The EPA must evaluate the risk of exposure of the developing organism to chemicals with the potential to disrupt thyroid hormone (TH), and for which the degree of TH perturbation is likely to be fairly mild. The primary concern of altered TH status is the impact insufficient TH may have on the developing brain, especially in areas critical for cognition. We have characterized the effects of developmental hypothyroidism on synaptic transmission and plasticity in the hippocampus, a primary region in brain responsible for learning and memory, when hormonal status was altered in utero and the early postnatal period. It has also become clear in recent years that TH also alters functioning of neuronal circuitry in the adult brain. In the following paper we describe a series of endpoints, similar to those previously characterized in a developmental exposure model, in response to a 4-week exposure to the TH synthesis inhibitor, propylthiouracil (PTU) in adult rats. What we observed were a number of alterations in synaptic function and plasticity that were clearly induced by TH insufficiency in this model, but were quite distinct in nature from those observed in euthyroid adult offspring of hypothyroid dams. That is, all the physiological functional metrics evaluated were similar in the adult and developmental exposure scenarios and assessments were made in the adult rat regardless of when the exposure occurred. In contrast to impaired excitatory synaptic transmission, reduced inhibitory synaptic transmission, and impaired synaptic plasticity (synaptic model of memory in the hippocampus) typical of developmental exposure scenarios, adult onset hypothyroidism did not alter excitatory or inhibitory synaptic function and produced modest enhancements in synaptic plasticity. This is not to say that synaptic function was not impaired in the adult model. We observed, a very robust and consistent delay in synaptic transmission in hippocampal field potentials recorded in adult hypothyroid rats, an effect we have never observed in the developmental model. With more careful analysis we were able to discern that this delay in synaptic latencies was not a primary effect of hypothyroidism, but rather secondary to the effects of hypothermia induced by the anesthesia necessary for the experimental protocols. Despite continuous warming on a heating pad (standard procedure) over the prolonged time course dictated by our first set of experiments, body temperatures in PTU animals fell well below those at which control animals had stabilized. The attribution of the observed pattern of field potential amplitudes and latency shifts in PTU-treated animals to hypothermia rather than hypothyroidism was verified in the second experiment in which we could reverse the latency shift upon excessive warming in PTU animals, and evoke the same delayed latency profile in control animals with cooling. This double dissociation provides strong evidence of the contribution of temperature regulation to the synaptic impairments observed in hypothyroid animals under anesthesia, rather than a direct action of thyroid hormone insufficiency on brain function. Our findings further suggest that alterations in temperature regulation may not be evident at these more moderate degrees ofhypothyroidism during baseline measures, but emerge upon thermal challenge as induced here by anesthesia. These findings stand in contrast to synaptic impairments observed in adult offspring following developmental TH insufficiency, and reinforce the developing organism as the vulnerable population with regards to environmental thyroid disruptors. Furthermore, these findings underscore the need to control for the potential unintended consequences ofhypothermia in the interpretation ofhypothyroid-induced changes in physiological systems that include, but may not be limited to, synaptic brain function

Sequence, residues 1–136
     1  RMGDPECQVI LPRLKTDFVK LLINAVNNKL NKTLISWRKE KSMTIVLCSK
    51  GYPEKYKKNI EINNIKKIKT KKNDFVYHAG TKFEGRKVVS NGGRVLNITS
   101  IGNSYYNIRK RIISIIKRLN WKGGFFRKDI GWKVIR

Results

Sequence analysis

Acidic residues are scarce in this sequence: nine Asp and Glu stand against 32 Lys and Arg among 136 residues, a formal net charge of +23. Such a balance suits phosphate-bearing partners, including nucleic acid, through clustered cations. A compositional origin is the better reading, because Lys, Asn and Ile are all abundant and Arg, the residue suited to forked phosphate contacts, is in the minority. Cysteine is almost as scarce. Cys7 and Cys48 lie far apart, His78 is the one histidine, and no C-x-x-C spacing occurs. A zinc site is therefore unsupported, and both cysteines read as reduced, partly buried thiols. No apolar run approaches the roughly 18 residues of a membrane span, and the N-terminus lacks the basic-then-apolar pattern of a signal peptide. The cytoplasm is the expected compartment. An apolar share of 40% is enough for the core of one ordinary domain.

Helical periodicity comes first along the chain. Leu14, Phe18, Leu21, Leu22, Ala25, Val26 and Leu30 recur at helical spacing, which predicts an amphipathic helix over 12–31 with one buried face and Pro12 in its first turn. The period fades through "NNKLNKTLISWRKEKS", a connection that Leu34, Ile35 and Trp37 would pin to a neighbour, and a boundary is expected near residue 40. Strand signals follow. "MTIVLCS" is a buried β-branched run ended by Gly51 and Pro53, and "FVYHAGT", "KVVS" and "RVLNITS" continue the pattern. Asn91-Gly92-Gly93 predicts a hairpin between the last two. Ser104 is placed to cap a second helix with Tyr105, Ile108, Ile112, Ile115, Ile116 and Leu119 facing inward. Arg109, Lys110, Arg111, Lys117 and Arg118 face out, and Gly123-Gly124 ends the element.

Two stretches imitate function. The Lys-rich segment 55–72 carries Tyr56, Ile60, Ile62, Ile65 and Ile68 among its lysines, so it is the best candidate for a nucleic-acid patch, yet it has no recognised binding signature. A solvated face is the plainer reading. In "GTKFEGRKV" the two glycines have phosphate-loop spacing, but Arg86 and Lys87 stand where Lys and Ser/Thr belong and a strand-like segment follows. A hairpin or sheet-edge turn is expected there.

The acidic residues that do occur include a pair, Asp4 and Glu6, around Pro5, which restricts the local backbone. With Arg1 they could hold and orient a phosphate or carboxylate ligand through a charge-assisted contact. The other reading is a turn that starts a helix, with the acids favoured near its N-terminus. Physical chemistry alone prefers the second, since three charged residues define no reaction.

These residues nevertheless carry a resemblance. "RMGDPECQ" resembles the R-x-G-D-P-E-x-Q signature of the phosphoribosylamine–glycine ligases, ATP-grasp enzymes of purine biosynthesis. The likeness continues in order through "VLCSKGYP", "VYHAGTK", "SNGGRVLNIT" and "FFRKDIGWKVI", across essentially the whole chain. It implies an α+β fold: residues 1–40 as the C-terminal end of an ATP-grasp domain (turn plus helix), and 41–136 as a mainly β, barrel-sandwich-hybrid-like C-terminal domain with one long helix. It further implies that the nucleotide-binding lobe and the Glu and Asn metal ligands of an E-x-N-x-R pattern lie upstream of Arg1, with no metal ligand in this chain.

Record Details:Record Type: DOCUMENT (JOURNAL/PEER REVIEWED JOURNAL)
Organization:U.S. ENVIRONMENTAL PROTECTION AGENCY
OFFICE OF RESEARCH AND DEVELOPMENT
NATIONAL HEALTH AND ENVIRONMENTAL EFFECTS RESEARCH LABORATORY
TOXICOLOGY ASSESSMENT DIVISION